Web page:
We are independent & ad-supported. We may earn a commission for purchases made through our links.
Advertiser Disclosure
Our website is an independent, advertising-supported platform. We provide our content free of charge to our readers, and to keep it that way, we rely on revenue generated through advertisements and affiliate partnerships. This means that when you click on certain links on our site and make a purchase, we may earn a commission. Learn more.
How We Make Money
We sustain our operations through affiliate commissions and advertising. If you click on an affiliate link and make a purchase, we may receive a commission from the merchant at no additional cost to you. We also display advertisements on our website, which help generate revenue to support our work and keep our content free for readers. Our editorial team operates independently of our advertising and affiliate partnerships to ensure that our content remains unbiased and focused on providing you with the best information and recommendations based on thorough research and honest evaluations. To remain transparent, we’ve provided a list of our current affiliate partners here.

What is the Cerebellar Cortex?

By T. K. Marks
Updated Mar 03, 2024
Our promise to you
The Health Board is dedicated to creating trustworthy, high-quality content that always prioritizes transparency, integrity, and inclusivity above all else. Our ensure that our content creation and review process includes rigorous fact-checking, evidence-based, and continual updates to ensure accuracy and reliability.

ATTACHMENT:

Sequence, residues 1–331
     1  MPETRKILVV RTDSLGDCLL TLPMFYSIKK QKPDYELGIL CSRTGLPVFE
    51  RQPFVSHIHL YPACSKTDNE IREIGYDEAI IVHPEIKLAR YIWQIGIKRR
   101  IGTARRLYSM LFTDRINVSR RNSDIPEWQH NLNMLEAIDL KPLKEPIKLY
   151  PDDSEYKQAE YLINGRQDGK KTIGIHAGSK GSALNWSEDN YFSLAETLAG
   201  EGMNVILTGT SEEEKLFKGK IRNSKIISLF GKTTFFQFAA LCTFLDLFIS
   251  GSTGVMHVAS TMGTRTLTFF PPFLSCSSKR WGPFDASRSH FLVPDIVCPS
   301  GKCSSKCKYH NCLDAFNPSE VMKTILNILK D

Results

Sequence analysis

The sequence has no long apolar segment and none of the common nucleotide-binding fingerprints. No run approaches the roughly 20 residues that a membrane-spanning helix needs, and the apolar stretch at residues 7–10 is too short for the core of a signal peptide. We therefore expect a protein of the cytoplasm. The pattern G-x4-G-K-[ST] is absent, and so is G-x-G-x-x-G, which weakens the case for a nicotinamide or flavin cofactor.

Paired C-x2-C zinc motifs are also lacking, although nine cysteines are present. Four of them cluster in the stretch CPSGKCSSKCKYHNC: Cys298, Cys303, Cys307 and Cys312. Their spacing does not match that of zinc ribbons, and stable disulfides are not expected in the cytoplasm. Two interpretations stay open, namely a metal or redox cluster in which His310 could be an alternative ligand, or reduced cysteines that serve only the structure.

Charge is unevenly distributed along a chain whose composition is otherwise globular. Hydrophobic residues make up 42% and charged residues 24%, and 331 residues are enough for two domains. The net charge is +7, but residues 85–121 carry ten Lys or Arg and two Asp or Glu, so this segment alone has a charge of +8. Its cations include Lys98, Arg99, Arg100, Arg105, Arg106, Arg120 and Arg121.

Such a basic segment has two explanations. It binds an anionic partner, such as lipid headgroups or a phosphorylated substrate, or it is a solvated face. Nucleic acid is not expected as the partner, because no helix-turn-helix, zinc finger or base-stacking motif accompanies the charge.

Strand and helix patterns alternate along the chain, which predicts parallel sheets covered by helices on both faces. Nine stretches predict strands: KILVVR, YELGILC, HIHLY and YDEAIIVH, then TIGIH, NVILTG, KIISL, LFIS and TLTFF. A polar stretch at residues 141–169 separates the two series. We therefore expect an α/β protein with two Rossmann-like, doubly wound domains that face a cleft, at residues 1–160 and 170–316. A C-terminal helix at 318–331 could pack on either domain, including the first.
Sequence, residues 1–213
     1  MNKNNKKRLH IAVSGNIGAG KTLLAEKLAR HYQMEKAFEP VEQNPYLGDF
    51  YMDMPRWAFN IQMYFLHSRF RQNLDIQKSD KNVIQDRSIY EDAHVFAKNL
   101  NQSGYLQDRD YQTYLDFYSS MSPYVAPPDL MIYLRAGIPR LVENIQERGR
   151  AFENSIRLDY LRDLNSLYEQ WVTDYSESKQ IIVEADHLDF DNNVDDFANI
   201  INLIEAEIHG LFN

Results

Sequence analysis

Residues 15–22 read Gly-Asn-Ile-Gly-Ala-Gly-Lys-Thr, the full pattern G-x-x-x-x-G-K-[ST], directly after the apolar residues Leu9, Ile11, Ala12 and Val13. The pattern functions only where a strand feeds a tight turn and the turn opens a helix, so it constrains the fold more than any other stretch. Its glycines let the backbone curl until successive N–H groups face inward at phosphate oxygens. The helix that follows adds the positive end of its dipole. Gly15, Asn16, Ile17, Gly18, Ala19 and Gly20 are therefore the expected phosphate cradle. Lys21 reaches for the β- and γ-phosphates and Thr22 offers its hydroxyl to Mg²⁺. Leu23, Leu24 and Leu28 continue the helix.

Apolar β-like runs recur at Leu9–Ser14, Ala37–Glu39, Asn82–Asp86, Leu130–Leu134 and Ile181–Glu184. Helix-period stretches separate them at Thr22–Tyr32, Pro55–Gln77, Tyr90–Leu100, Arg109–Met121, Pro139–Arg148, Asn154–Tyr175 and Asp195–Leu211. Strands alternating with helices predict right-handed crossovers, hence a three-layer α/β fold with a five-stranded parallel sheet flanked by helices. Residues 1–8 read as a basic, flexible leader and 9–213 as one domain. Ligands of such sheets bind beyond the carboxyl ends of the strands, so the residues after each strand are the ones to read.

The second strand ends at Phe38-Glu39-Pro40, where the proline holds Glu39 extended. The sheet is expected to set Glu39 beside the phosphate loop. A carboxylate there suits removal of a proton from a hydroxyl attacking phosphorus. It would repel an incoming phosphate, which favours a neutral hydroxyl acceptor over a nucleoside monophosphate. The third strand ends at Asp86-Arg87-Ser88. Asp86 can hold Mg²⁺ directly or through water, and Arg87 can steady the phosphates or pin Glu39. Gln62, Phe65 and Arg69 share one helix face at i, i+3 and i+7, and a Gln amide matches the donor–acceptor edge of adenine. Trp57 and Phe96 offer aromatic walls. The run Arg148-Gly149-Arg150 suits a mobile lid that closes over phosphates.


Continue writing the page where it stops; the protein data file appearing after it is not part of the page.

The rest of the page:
Our Promise to you

Founded in 2002, our company has been a trusted resource for readers seeking informative and engaging content. Our dedication to quality remains unwavering—and will never change. We follow a strict editorial policy, ensuring that our content is authored by highly qualified professionals and edited by subject matter experts. This guarantees that everything we publish is objective, accurate, and trustworthy.

Over the years, we've refined our approach to cover a wide range of topics, providing readers with reliable and practical advice to enhance their knowledge and skills. That's why millions of readers turn to us each year. Join us in celebrating the joy of learning, guided by standards you can trust.

Editorial Standards

At The Health Board, we are committed to creating content that you can trust. Our editorial process is designed to ensure that every piece of content we publish is accurate, reliable, and informative.

Our team of experienced writers and editors follows a strict set of guidelines to ensure the highest quality content. We conduct thorough research, fact-check all information, and rely on credible sources to back up our claims. Our content is reviewed by subject-matter experts to ensure accuracy and clarity.

We believe in transparency and maintain editorial independence from our advertisers. Our team does not receive direct compensation from advertisers, allowing us to create unbiased content that prioritizes your interests.